Scalability and Elasticity
Welcome to domain Seven - Scalability and Elasticity - in the Solution Architect Professional for AWS learning path. In this group of lectures, we will walk through building a flexible, available and highly resilient application in the Amazon web services environment.
In this lesson, we are going to add CloudFront in front of our elastic load balancer. CloudFront is a content delivery network with edge locations located around the world. It can host both static and dynamic content. Our focus will be on the latter use case. Using CloudFront for dynamic content can be tricky, and requires intimate knowledge of how an application will be used. However, there are many benefits to adding a caching layer. Related to our design goals, the caching layer will serve content to our end user during brief service disruptions. An example comes from our last lesson, where our RDS instance had a fail-over. There was a 34 second disruption between the time the fail-over began and the time it ended. Assuming our cache is set up properly, our users would have read-only access to our content even during a disruption. Our application's CloudFront design is simple. We will have one origin with two behaviors. One behavior will be for our read-only content, and the second will be the pass through, posts, deletes, et cetera, that are required to build our content. The read-only behavior will be the first in the president's order. Passing through will be the last behavior, and serves as our default behavior. This means we need to create the pass through behavior first, as part of the initial creation of the distribution. So, let's begin by creating our CloudFront distribution. From the AWS console click on the CloudFront link, followed by Create Distribution. We can choose between two options, web and RTMP. Web will deliver standard HTTP as an HTTP content, RTMP delivers streaming content to end users through the Adobe Flash Media server RTMP protocol, meaning users can start playing content before it is finished downloading. Web delivery is all our application needs, so we can continue. For the Origin Domain Name, we are presented with a list of our internal resources, or we can enter our own custom source. We'll enter our customer source elb.cloud-e.co, which we will add to route 53 later. This will fill in the origin ID automatically, which is great. Origin Protocol Policy can either use HTTP Only or match the request to the viewer. Because we don't have HTTP as content for this demo, the first option is acceptable. No need for us to change the ports for HTTP and HTTPS. The Default Cache Behavior Settings does exactly what it sounds like. It sets the default cache behavior for our origin. The path pattern cannot be changed, as this is the default behavior. It will accept all requests that pass through it. The Viewer Protocol Policy specifies how to handle requests. The HTTP and HTTPS option accepts all web requests. The option called Redirect HTTP to HTTPS will cause CloudFront to send back a response code of 301, telling the requester to redirect to an https url. We will select HTTP Options, Allowing HTTP Methods, tells CloudFront which requests to accept. As previously mentioned, the default behavior will accept all http methods. Forward Headers will use the request headers from the client as part of the caching. Now, for this we have three options, None, Whitelist, and All. None will ignore headers when caching objects, Whitelist allows us to specify which headers contribute to the cache. All will use every header. None is the most efficient, and will work in our situation. Object Caching can either take its cue from our application, or we can specify the cache length as part of that behavior. Our default behavior will be to use the application's cache headers. The Forwarded Cookie setting, much like Forward Headers, offers us three options, None, Whitelist, and All. We want to pass through all cookies, so we select the All option, since our pass through content requires session cookies for authorization purposes. Forward Query Strings is not needed for our application, so we can leave it set to No. The last two settings in this section aren't needed. Under Distribution Settings we choose a Price Class. Price Class specifies which edge locations to use. We want to use all edge locations. The only other option we are concerned about in this section is the Alternate Domain Names. This will be the www sub-domains, since we want CloudFront sitting in front of our elastic load balancer. We'll need to change the route 53 settings to accommodate this change. The remaining options will remain unchanged, since they are not relevant to our design. We can now create the distribution. This will take quite a while to create, as it has to propagate across all of the edge locations. While this is happening, we can modify our route 53 settings. Take note of the CloudFront URL, we will need this in route 53. Back at the AWS dashboard, we navigate to route 53 management and head to our record sets. We need to change our primary and secondary www sub-domain records to a new sub-domain. In order to have our dynamic content work with our DNS fail-over, CloudFront has to be in front of the fail-over sub-domains. We will use ELB as the sub-domain. After modifying both records, we create our new record set. It will be our new www sub-domain that is a C name pointing to our CloudFront distribution. If enough time has passed, we can head back to our CloudFront distribution and see that the status has changed from in progress to deployed. However, we're not done with this step. We still need to create our read-only behavior. Under the Behaviors tab, click the Create Behavior button. The Path Pattern we want to use is anything under the user's folder. Origin is our last deployed balancer. Viewer Protocol Policy will stay as HTTP and HTTPS. We will only accept the GET and HEAD HTTP methods for this content. We're not going to forward headers. For Object Caching we will customize it to cache all content for 60 seconds. Get will not require cookies, so there's no need to pass them through. This will also make caching global to all users and not just to a specific user tied to a session. The remaining options are acceptable, so we can save the behavior. Just like in the initial creation, it takes some time for the settings to propagate. Now that the changes have propagated, we can test out the behavior. We will bring up a user with existing micro posts in one browser. In a second browser, we have logged in as that user, and we'll add a new micro post. Based on the first test, our content generation is working as we expected. Back in the first browser, refreshing the page does not show the new micro post. Refreshing the page after one minute will show the new entry. Our site is now delivered through CloudFront, and can handle minor service disruptions. In our next lesson, we will look at what it takes to expand the setup to multiple AWS regions.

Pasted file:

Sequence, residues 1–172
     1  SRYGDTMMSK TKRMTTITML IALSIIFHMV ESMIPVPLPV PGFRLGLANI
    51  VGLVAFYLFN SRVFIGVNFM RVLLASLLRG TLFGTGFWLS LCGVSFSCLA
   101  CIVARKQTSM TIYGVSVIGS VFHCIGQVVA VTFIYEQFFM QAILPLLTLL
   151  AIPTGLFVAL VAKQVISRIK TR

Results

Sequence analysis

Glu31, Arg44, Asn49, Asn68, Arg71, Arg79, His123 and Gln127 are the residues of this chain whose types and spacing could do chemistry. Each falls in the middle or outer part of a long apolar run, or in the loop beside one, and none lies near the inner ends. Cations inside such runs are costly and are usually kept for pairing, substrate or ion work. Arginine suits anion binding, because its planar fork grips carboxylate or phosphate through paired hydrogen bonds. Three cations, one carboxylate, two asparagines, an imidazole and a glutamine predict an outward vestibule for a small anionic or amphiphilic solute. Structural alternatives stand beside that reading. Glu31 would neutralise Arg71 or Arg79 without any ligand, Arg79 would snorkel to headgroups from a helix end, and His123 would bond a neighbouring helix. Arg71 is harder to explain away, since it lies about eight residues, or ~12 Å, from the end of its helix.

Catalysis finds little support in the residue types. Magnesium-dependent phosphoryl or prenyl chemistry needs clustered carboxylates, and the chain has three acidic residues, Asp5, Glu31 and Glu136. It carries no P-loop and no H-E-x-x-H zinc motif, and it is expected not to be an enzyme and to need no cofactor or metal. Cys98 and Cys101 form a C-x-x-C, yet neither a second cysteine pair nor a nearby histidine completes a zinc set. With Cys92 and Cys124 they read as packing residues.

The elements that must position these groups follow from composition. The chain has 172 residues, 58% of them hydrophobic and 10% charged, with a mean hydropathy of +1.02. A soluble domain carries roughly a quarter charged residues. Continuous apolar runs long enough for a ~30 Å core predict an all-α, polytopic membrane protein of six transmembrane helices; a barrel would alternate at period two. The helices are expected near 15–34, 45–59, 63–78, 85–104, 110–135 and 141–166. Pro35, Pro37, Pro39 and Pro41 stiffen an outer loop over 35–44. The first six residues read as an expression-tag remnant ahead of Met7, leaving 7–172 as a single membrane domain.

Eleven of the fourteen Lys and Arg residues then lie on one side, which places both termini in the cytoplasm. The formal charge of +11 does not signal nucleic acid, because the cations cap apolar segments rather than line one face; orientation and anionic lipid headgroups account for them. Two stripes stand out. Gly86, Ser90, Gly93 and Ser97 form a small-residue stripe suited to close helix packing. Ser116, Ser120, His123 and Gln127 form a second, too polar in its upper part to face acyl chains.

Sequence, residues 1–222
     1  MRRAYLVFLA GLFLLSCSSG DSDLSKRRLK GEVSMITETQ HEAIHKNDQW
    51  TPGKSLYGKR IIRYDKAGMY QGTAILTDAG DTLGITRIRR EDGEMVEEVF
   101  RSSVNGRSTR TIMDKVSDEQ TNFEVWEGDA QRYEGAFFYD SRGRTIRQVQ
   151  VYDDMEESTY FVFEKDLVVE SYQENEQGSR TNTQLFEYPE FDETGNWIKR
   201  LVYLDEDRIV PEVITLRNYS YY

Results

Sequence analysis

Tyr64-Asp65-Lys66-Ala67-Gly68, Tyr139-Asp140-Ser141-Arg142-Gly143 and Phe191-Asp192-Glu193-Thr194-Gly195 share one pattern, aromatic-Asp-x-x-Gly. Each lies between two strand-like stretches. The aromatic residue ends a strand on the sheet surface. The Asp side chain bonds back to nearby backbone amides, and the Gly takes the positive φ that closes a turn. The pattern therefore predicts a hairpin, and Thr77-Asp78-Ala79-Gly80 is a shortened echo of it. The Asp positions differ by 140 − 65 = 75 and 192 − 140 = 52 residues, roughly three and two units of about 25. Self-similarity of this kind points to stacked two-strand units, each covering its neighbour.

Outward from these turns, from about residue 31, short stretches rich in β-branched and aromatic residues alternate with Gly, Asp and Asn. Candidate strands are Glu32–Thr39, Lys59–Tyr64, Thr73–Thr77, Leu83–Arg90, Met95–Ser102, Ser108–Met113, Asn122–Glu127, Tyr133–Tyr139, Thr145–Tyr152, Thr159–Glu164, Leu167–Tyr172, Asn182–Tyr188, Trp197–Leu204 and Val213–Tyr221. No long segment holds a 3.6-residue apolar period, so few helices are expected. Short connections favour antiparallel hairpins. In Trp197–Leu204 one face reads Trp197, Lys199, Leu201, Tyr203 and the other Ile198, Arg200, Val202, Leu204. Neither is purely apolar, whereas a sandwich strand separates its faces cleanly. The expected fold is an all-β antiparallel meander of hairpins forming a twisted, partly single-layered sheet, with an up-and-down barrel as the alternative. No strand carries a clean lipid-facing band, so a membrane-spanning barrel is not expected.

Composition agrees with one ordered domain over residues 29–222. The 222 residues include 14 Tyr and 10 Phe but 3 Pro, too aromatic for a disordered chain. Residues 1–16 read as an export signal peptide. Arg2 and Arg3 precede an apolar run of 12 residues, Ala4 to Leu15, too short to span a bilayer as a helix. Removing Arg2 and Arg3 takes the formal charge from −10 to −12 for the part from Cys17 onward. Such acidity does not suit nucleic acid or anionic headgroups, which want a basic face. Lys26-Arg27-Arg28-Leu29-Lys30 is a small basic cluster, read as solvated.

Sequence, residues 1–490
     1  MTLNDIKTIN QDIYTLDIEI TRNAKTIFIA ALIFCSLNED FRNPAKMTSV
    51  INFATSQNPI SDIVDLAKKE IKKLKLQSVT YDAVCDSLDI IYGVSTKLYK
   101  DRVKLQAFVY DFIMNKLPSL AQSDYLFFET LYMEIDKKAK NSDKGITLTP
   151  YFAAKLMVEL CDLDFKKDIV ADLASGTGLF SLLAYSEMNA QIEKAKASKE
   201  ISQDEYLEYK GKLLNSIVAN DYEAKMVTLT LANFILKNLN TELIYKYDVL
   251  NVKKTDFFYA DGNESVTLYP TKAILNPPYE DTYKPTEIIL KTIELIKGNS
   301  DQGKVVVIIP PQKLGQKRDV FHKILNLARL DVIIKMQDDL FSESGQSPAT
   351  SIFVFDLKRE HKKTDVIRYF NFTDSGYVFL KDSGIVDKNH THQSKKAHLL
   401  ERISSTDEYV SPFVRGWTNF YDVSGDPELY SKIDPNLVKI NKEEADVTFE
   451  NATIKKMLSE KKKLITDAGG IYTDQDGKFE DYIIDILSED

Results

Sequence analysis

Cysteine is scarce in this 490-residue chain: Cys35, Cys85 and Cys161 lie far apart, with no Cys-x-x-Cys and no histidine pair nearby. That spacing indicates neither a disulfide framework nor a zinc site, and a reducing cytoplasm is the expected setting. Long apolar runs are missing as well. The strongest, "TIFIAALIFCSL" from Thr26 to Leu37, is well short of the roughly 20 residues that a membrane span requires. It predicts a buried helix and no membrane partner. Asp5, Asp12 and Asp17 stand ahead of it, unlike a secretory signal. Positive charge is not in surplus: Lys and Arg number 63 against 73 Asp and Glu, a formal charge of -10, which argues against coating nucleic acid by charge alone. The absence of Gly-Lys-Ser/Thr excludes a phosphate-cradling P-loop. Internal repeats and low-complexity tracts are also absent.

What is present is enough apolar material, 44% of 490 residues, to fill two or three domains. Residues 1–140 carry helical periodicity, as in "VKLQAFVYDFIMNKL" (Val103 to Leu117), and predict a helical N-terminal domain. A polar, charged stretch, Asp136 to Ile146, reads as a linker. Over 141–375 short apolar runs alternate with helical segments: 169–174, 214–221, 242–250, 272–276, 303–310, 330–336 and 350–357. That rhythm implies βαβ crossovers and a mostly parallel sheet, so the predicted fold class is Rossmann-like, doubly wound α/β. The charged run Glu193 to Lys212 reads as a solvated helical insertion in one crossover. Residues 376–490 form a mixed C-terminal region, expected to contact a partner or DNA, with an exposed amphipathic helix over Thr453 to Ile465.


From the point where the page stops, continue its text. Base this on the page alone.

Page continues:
Andrew is fanatical about helping business teams gain the maximum ROI possible from adopting, using, and optimizing Public Cloud Services. Having built 70+ Cloud Academy courses, Andrew has helped over 50,000 students master cloud computing by sharing the skills and experiences he gained during 20+ years leading digital teams in code and consulting. Before joining Cloud Academy, Andrew worked for AWS and for AWS technology partners Ooyala and Adobe.